NEW! Canadian Military History Trivia Challenge

Month: November 2019

Rainbow veterans seeking recognition
News

Rainbow veterans seeking recognition

The Rainbow Veterans of Canada (RVC) is a new veterans group looking at providing support for those who suffered discrimination in the Canadian Armed Forces because of their sexual orientation. “We want to work with other veterans groups. We want to belong to the veteran community,” said Diane Pitre, president of the group which represents those who identify as lesbian, gay, bi-sexual, transgender, queer and two-spirit (LGBTQ2S) and who suffered discrimination while in the military. From the 1950s to the 1990s, the federal government had a policy of removing gay people from positions in the CAF, the RCMP and the public service. Often referred to as the gay purge, it was a product of the Cold War when the conventional thinking was that such people could easily be blackmailed by enemy fo...
War graves commission launches virtual tours of remote sites
Front Lines

War graves commission launches virtual tours of remote sites

Private Donald Alexander Pollock never made it overseas after the 24-year-old farm boy from Kramer, Sask., signed up with the Saskatchewan Regiment, on July 5, 1918. “Canada Only” is written in red ink on his brief service record, which states the five-foot, six-and-a-half-inch, 127-pound soldier was discharged in December 1918 “in consequence of having died.” Pollock, a chronic asthmatic, had contracted Spanish flu, brought it home to his remote Saskatchewan homestead, and passed it on to his twin brother Alexander. The two died the same day—Nov. 15, 1918. They are buried side-by-side in a secluded spot on the old family homestead, Pollock under the familiar grey headstone administered by the Commonwealth War Graves Commission; his brother memorialized by a private marker. Fin...
The sinking of <em> U-536 </em>
Military Milestones

The sinking of U-536

In an irony of war, a German U-boat meant to harry the eastern coast of Canada came to its bitter end in the mid-Atlantic, its surviving crew rescued by Canadian sailors. U-536 was commanded by Kapitänleutnant Rolf Shauenburg, who had joined the navy in 1934, and was already an officer when war was declared. He had served aboard a German destroyer that sank nine vessels at the beginning of the war. The young officer became a prisoner of war, escaped and was recaptured. After his release was negotiated, he returned to Germany, served on minesweepers, then was given command of a U-boat in January 1943. In the fall, U-536 was sent close to the East Coast to rescue German prisoners planning a mass escape from a PoW camp in Bowmanville, Ont. They had been provided with Canadian money, hid...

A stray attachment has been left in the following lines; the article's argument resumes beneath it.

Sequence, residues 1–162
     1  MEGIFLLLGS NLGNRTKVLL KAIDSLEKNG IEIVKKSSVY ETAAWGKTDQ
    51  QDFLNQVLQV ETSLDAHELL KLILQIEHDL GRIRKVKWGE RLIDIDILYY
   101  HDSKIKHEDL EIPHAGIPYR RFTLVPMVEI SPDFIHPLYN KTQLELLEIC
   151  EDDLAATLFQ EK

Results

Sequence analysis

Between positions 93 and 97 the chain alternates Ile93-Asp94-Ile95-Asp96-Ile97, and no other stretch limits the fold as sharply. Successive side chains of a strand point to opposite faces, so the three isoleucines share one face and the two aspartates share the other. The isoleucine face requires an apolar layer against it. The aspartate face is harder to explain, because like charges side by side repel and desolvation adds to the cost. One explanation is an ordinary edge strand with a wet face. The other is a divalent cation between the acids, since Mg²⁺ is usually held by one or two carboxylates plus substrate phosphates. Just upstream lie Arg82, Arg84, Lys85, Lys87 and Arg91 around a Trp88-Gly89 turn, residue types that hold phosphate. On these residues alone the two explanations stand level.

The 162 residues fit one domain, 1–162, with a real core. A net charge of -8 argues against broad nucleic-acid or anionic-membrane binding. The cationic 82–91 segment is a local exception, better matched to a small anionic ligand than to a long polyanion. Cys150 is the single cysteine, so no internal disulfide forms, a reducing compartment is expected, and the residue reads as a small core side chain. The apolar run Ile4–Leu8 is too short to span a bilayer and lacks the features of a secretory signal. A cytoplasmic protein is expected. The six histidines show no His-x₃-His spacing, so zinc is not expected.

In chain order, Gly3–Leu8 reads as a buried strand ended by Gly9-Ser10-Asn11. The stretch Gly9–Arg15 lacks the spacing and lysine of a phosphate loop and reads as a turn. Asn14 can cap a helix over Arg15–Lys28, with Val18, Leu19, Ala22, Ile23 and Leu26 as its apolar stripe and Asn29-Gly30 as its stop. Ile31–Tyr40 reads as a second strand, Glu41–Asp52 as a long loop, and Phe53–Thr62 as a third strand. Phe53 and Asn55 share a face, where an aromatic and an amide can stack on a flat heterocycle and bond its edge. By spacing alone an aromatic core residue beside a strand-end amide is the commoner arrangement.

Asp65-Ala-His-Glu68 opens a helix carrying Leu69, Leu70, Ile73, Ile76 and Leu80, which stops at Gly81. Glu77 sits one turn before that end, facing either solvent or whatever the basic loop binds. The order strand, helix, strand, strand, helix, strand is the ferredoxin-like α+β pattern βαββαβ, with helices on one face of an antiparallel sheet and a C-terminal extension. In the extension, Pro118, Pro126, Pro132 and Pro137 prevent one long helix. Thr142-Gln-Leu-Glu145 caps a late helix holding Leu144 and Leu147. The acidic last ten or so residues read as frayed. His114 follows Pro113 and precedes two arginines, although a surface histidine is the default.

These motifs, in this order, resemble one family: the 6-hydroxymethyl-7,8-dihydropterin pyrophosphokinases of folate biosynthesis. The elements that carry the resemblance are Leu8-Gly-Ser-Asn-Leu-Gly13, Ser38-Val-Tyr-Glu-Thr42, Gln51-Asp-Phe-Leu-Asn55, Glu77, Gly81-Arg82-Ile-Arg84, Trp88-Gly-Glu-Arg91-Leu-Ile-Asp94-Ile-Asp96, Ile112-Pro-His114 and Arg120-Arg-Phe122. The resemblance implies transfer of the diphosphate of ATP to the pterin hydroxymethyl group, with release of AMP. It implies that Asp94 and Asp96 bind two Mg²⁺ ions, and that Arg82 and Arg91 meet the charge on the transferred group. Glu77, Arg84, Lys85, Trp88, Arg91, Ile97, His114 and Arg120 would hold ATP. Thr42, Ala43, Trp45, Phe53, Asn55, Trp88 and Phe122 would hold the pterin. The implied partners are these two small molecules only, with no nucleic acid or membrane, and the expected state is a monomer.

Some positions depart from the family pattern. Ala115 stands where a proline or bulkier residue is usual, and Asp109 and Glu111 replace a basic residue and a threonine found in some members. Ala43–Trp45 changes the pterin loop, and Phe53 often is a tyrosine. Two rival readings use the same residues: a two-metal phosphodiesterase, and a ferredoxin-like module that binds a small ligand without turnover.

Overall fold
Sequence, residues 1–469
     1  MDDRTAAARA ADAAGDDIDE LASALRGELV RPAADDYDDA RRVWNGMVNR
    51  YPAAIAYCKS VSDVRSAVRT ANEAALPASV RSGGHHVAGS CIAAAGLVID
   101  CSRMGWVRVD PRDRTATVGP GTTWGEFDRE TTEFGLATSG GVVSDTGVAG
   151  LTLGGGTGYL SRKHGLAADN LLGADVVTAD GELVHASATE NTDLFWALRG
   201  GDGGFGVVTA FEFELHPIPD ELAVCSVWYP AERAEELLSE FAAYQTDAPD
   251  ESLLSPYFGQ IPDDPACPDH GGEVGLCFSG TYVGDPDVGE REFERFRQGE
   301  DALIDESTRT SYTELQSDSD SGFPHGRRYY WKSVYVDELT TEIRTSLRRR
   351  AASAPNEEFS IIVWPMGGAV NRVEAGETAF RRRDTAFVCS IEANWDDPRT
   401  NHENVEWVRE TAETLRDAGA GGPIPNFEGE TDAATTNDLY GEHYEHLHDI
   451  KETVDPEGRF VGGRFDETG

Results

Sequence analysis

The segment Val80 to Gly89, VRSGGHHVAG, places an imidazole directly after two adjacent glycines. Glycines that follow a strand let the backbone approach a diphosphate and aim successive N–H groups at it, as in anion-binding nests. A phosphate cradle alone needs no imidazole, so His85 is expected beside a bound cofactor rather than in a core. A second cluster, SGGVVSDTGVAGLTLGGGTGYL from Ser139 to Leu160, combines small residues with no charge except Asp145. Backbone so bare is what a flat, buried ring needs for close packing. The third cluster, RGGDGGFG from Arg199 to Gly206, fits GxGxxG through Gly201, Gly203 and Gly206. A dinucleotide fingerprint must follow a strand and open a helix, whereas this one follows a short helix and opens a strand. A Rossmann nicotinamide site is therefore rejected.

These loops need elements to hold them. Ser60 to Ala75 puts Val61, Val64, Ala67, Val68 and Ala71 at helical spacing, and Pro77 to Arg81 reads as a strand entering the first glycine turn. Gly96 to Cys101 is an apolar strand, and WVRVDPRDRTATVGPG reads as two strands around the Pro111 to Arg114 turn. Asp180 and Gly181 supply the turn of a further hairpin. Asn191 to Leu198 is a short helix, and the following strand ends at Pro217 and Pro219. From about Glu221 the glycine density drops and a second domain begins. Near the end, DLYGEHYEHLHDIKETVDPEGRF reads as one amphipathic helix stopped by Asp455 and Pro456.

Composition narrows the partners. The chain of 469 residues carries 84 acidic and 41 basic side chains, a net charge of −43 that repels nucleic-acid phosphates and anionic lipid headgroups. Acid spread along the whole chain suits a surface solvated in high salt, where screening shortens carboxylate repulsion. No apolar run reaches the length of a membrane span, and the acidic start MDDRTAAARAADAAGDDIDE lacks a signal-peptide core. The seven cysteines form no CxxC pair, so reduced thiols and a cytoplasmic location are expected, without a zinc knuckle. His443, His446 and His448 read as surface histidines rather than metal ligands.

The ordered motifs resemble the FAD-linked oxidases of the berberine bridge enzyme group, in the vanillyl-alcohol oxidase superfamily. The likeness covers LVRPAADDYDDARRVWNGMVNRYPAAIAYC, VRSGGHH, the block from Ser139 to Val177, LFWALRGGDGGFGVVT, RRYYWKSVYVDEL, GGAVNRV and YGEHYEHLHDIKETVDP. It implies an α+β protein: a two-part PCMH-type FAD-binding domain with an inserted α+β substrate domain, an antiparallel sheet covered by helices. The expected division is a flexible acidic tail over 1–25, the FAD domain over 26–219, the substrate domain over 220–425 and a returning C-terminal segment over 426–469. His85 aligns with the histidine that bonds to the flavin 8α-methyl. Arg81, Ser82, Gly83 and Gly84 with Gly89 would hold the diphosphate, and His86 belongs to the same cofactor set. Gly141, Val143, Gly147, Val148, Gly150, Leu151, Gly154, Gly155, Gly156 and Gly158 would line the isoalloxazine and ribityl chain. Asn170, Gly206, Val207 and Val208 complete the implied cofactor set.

Afghanistan museum to be located in Calgary
News

Afghanistan museum to be located in Calgary

The Military Museums in Calgary—the country’s second largest military museum—is poised to get a lot larger with an expansion including a new museum devoted to the war in Afghanistan.  “We’ve been honoured [to have been chosen] to be the permanent home of the Afghanistan legacy exhibit,” said director Doug Stinson. “There’s a lot of stuff that came back from our time in Afghanistan that’s sitting in warehouses or travelling,” he said. Those artifacts will serve as the cornerstone of exhibits honouring the more than 40,000 Canadians who served and the 158 soldiers and seven civilians who died in Afghanistan between 2001 and 2014. But during fundraising and planning for the expansion, which is expected to be about 3,000 square metres and cost about $50 million, it’s business as usual f...
Navy apologizes for delayed release of health study
News

Navy apologizes for delayed release of health study

The Royal Canadian Navy has apologized for a five-year delay in releasing its study on the health of 56 navy crew who survived a 2004 fire aboard HMCS Chicoutimi. Chicoutimi is one of four retired diesel-electric submarines Canada bought from Britain in the late 1990s. The submarines needed extensive repair and retrofitting. Chicoutimi was the last to join the Canadian fleet on Oct. 2, 2004. On Oct 5, running on the surface with upper and lower hatches open during repair work, a massive wave dumped seawater into the boat at about 11 a.m. Two hours later, an electrical fire broke out and, in seconds, thick black smoke spread through the decks. Nine of the crew suffered smoke inhalation, three severely. They were about 200 kilometres off the Irish coast and high seas prevented an immed...
Montreal is captured by the Americans
Military Milestones

Montreal is captured by the Americans

On Nov. 13, 1775, Montreal was captured, without a fight, by American revolutionaries. The American Revolution, the revolt by American Patriots in the British colonies on the Eastern Seaboard which began in April 1775, naturally boiled over from the Thirteen Colonies to British colonies in Canada. The rebels formed what was called the Continental Army and launched a campaign to entice Canadians, particularly Québécois, to join them. They found some support in Montreal, where American sympathizers also resented British taxes, and were unhappy with the Quebec Act of 1774 which guaranteed religious freedom and restored French civil law, to the chagrin of the Protestants. The day the act came into effect, a bust of the king was vandalized to read “the pope of Canada” and “the English ...

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